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anonymous contributorWritten anonymously. (English)


Brian Williamson

in JAMAICA, 24/06/2004

Call for protest after death of Jamaican activist

Dear Brothers and Sisters

After the killing of my dear friend Brian Williamson, we continue our writing to create awareness of our situation world wide.

A letter of sorrow and anger have been sent to the HIGH Commisioner for Human Rights to express our concern. A similar letter has been sent to the Prime Minister of Jamaica.

We are asking our members,supporters and allies to read this letter and if you agree to give permission to put your name and the name of
your organization for the benefit of our brothers and sisters in Jamaica.

Yours respectfully

Jimmy Leon

Co-odinator African-Rapport

Educator Activist for Amnesty International USA.

June 20, 2004

The Office of the High Commissioner
For Human Rights.

8-14 Avenue de la Paix
1211 Geneva 10, Switzerland
Telephone Number (41-22) 917-9000

Dear Mr. Commissioner,

Attacks on same gender loving people are by no means an unfamiliar occurrence. In recent years, violence and hostility against this sector have escalated to horrifying proportions in practically every part of the world. What happened in Jamaica is a clear evidence of the reality of what we,LGBT people are confronting every day in many part of the world

We wish to appeal to you in this letter on be half of our brothers and sisters from the LGBT communities all over the world, to take a first step toward changing the climate of violence and discrimination against our LGBT people in many parts of this world, we are asking you Mr Commissioner to initiate a debate on repealing laws that criminalize sexual relations between consenting adults in countries where they exist.

Brazil introduced an historic resolution on sexual orientation at the UNITED NATIONS COMMISSION ON HUMAN RIGHTS SESSION IN GENEVA .This resolution spoke to the universality of human rights and the important principle enshrined in international human rights standards that all form of arbitrary discrimination are unacceptable.

We believe that governments are obliged under international human rights standards to tackle discrimination, harassment and homophobic violence. We refuse to believe that our people demands are a matter of charity or second hand thoughts.

After many years of struggle for our existence LGBT people still are not free. Our life is still sadly crippled by the manacles of intolerance and the chains of discrimination. We are still facing harassment, torture, real violence; homosexuality is considered a sin, or an illness, an ideological deviation or a betrayal of one’s culture. Dozen of countries outlaw homosexuality, the mere gay-look leads to being arrested and imprisoned, sometimes even killed. These examples illustrate, laws criminalizing homosexuality not only deprive a sector of the population of basic human rights, and they may also act as a licence to torture or ill-treat those detained.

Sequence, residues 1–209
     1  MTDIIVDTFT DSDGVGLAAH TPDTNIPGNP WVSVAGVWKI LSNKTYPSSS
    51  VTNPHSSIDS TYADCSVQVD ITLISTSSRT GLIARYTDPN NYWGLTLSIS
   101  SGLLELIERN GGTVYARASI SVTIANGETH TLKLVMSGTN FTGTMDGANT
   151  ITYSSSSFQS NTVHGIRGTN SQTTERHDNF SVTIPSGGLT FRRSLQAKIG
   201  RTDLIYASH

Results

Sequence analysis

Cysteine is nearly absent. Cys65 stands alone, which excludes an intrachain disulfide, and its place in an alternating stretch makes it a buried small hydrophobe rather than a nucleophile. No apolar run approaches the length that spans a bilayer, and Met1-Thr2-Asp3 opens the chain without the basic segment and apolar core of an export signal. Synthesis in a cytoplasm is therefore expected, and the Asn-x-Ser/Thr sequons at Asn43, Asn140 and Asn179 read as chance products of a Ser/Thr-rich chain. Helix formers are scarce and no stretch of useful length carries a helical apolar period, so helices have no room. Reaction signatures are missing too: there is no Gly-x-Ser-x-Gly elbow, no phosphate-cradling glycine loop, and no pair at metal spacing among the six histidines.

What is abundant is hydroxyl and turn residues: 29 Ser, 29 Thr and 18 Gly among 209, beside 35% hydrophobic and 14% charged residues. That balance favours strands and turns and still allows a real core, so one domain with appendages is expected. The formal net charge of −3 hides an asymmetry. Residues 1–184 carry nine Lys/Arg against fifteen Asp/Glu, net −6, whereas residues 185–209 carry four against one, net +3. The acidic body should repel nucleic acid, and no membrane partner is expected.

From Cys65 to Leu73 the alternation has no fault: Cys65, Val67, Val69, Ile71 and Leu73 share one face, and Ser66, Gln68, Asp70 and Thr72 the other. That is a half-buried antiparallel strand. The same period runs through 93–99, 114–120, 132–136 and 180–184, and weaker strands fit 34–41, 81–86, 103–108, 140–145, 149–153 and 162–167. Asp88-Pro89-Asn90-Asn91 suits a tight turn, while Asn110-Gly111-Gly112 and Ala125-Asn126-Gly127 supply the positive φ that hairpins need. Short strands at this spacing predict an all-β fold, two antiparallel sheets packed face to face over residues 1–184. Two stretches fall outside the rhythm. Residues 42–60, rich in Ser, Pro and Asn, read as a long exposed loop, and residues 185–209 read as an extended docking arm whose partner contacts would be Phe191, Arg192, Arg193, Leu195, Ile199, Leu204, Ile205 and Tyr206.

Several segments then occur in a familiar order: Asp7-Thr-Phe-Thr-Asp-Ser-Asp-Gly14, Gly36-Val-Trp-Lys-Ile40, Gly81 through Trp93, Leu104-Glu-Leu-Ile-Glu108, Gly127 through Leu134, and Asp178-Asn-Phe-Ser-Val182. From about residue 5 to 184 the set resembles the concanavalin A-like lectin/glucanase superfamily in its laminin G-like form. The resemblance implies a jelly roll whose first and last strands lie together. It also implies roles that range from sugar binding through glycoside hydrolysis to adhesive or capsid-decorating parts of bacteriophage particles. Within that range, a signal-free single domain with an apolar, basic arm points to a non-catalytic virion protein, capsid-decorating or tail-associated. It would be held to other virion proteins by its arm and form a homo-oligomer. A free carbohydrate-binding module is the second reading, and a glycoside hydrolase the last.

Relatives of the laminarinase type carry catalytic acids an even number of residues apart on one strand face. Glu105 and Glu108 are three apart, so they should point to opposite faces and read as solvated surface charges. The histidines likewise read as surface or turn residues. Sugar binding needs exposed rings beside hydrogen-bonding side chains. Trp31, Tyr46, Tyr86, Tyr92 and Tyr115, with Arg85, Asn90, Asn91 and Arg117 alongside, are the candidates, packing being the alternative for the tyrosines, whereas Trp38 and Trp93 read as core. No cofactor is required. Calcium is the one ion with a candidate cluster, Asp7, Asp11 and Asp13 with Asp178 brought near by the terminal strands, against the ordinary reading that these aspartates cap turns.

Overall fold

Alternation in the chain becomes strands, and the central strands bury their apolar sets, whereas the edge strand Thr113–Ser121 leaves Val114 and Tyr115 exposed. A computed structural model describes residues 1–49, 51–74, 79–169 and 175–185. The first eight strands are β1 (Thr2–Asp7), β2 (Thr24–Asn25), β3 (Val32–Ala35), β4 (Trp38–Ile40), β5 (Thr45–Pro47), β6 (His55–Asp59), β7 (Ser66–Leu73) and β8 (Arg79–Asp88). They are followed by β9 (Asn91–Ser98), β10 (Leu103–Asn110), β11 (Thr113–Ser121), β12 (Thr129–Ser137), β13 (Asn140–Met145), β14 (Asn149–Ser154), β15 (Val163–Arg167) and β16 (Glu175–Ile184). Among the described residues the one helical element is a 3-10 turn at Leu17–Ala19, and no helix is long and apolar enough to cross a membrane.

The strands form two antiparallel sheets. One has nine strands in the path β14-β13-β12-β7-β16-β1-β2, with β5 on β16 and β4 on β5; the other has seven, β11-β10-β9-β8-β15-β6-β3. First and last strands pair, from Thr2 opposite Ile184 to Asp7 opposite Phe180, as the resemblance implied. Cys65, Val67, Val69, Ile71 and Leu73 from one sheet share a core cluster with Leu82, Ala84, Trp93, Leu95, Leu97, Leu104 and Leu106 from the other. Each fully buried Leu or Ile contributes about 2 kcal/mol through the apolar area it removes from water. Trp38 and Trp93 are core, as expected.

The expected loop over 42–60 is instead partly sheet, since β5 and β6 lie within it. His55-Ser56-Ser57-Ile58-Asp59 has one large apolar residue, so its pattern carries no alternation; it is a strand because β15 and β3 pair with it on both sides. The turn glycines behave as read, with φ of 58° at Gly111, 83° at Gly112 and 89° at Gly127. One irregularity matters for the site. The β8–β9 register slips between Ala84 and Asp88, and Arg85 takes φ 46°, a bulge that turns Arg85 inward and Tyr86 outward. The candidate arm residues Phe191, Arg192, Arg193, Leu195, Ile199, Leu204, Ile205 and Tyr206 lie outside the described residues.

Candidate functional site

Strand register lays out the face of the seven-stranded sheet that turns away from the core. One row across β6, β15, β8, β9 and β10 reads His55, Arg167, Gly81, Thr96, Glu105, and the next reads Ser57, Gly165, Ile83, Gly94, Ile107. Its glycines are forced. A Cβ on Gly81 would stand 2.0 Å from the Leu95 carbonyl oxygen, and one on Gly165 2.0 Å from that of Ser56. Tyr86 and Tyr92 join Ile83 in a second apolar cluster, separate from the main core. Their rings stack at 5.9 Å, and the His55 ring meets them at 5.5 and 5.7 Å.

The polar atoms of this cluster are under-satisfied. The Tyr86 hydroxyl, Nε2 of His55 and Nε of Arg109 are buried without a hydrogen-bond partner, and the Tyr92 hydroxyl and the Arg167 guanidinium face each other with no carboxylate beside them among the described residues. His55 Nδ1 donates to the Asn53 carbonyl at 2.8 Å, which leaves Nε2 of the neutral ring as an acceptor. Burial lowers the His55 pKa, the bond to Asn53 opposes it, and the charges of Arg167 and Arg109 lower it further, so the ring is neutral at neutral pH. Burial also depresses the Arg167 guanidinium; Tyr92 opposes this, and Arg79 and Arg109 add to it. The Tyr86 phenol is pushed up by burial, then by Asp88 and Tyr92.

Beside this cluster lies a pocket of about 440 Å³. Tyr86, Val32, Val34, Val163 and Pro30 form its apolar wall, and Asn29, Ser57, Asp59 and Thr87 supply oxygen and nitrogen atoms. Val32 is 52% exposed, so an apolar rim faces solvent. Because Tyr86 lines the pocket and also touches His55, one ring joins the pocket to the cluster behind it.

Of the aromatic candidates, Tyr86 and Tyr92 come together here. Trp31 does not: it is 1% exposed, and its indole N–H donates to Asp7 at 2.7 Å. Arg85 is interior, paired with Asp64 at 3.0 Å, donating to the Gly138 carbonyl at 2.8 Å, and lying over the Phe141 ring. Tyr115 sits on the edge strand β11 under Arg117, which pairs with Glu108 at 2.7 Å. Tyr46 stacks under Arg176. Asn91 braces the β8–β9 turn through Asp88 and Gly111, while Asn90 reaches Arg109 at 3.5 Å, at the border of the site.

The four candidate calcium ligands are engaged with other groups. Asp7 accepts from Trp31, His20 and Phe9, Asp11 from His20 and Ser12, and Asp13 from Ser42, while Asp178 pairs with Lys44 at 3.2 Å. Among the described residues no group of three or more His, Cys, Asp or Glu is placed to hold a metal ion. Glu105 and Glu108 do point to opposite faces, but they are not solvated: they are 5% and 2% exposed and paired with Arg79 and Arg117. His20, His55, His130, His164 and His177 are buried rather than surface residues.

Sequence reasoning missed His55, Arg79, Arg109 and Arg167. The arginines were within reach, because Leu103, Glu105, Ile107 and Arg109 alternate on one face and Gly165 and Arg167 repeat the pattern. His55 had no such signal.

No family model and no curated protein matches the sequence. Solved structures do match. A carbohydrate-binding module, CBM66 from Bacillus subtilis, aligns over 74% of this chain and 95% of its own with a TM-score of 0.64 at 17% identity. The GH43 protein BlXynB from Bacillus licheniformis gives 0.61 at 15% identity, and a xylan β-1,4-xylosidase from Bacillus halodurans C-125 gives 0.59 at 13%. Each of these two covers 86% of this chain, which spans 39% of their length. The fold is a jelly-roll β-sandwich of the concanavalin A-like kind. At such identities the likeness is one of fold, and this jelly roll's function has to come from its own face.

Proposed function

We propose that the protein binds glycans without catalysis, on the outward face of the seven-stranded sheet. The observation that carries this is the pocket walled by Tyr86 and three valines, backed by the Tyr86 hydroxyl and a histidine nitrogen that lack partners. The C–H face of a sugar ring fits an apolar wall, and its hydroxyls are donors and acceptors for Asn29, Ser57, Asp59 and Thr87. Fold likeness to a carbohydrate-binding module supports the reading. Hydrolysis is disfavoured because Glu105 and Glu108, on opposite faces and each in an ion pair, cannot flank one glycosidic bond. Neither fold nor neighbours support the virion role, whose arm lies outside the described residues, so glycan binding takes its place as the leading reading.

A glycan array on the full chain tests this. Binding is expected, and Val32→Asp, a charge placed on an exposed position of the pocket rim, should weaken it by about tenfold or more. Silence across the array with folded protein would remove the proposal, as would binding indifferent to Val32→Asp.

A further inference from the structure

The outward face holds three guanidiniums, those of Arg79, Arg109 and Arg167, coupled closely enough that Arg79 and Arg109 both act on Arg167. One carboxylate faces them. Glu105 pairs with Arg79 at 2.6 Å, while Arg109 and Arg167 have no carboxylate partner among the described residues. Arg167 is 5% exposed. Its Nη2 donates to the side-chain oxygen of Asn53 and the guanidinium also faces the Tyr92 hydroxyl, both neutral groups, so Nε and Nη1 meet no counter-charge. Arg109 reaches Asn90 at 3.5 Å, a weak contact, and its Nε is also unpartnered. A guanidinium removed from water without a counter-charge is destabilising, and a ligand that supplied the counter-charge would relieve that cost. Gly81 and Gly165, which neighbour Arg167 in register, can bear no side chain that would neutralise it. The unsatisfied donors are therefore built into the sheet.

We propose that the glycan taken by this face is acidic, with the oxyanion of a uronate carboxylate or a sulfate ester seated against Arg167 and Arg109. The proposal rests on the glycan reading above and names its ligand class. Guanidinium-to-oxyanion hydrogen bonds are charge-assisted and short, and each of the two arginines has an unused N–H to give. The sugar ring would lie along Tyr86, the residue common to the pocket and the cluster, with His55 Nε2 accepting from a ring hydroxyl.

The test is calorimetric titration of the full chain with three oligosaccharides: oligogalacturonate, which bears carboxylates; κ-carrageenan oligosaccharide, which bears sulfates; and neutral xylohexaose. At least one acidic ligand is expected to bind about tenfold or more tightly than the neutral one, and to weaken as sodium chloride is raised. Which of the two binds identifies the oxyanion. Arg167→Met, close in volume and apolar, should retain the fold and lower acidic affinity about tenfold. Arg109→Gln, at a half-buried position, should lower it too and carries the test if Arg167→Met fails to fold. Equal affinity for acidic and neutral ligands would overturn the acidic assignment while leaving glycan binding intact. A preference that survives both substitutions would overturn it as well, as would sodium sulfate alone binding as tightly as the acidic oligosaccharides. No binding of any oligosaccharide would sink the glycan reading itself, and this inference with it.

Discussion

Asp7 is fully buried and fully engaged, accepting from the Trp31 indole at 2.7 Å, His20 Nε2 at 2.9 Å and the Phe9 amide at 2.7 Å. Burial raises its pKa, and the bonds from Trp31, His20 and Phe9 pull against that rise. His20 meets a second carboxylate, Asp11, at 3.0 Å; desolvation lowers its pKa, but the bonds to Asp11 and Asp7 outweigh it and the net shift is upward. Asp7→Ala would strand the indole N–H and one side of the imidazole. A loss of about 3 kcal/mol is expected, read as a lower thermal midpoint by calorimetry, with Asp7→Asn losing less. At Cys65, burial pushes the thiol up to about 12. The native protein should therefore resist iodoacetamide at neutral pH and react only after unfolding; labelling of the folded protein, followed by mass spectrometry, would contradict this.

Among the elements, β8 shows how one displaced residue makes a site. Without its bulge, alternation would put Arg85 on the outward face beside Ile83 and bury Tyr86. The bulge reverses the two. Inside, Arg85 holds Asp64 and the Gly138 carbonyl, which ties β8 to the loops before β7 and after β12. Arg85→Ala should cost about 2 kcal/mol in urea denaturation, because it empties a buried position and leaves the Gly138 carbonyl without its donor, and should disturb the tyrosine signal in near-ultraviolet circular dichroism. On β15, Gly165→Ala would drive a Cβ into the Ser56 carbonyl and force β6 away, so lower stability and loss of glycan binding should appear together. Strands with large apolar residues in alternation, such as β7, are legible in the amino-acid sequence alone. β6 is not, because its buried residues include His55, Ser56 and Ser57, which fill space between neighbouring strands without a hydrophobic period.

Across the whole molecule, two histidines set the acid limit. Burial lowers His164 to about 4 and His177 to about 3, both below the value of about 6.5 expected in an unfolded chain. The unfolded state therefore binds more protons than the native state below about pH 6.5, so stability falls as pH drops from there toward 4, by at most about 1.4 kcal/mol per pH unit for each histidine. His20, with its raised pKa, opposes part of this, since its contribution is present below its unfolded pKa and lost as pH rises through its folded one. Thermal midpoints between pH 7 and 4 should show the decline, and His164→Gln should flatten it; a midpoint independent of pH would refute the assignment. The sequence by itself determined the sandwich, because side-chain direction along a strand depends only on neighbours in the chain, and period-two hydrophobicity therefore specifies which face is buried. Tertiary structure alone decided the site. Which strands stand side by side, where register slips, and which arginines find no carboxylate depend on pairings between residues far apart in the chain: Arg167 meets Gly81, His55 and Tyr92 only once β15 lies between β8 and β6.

We are here today writing to you to elucidate our shameful condition. To proclaim the failure of justice, to remind all members of the security consul of the fierce urgency of today. It is no time to embrace our minds in incomprehensive discussions; it is no time to elaborate unmeaning speeches. Now is the time to make real the promises of democracy. Now is the time to rise from the darkness of ignorance to the brightness of tommorow.Now is the time to embrace our nations in the name of brotherhood to fight for the human rights that have been taken away from so many people.

Brian Williamson´s death was not in vain, that was the beginning of the opening of our eyes to reality, that was the beginning of our much forgotten struggle for understanding, for acceptance, that was the beginning to demand our human rights and to stand up for freedom.

We do not need division, hatred, violence och lawlessness in this world. We need unsertanding, justice, wisdom and love---compassion to one another, feeling of justice towards those who do not fulfill the patterns of society----a vision of a world in which every person enjoys all the human rights, enshrined in the Universal declaration of Human rights. We need an end to grave abuses and freedom from discrimination.

Mr. commisioner, we are going to continue to keep our heads up, for our dignity and for our pride.

We appeal to you Mr. Commissioner, to use the power that you posses to bring understanding into the head of states that refuse to see the reality of our LGBT communities. To bring light, dignity, pride and hope into those LGBT people who hide themselves for fear of being prosecuted, hassled, imprisoned and even killed.

We are born homosexuals, Mr Commisioner; we are part of this world. We are part of our LORD creation. The struggle against homophobia, sexism, racism, and all the forces that are destructive should be our main aim to tackle.

With this hope Mr. commisioner, we will go home, thinking that one day, we will be able to hold the hand of our lover without shame or fear of being killed or prosecuted.

Yours truly
Jimmy Leon
Co-ordinator for African-Rapport
Educator activist Amnesty International USA.

More info on being gay in Jamaica, type "gay" in the search engine of the local newspaper Jamaica Gleaner
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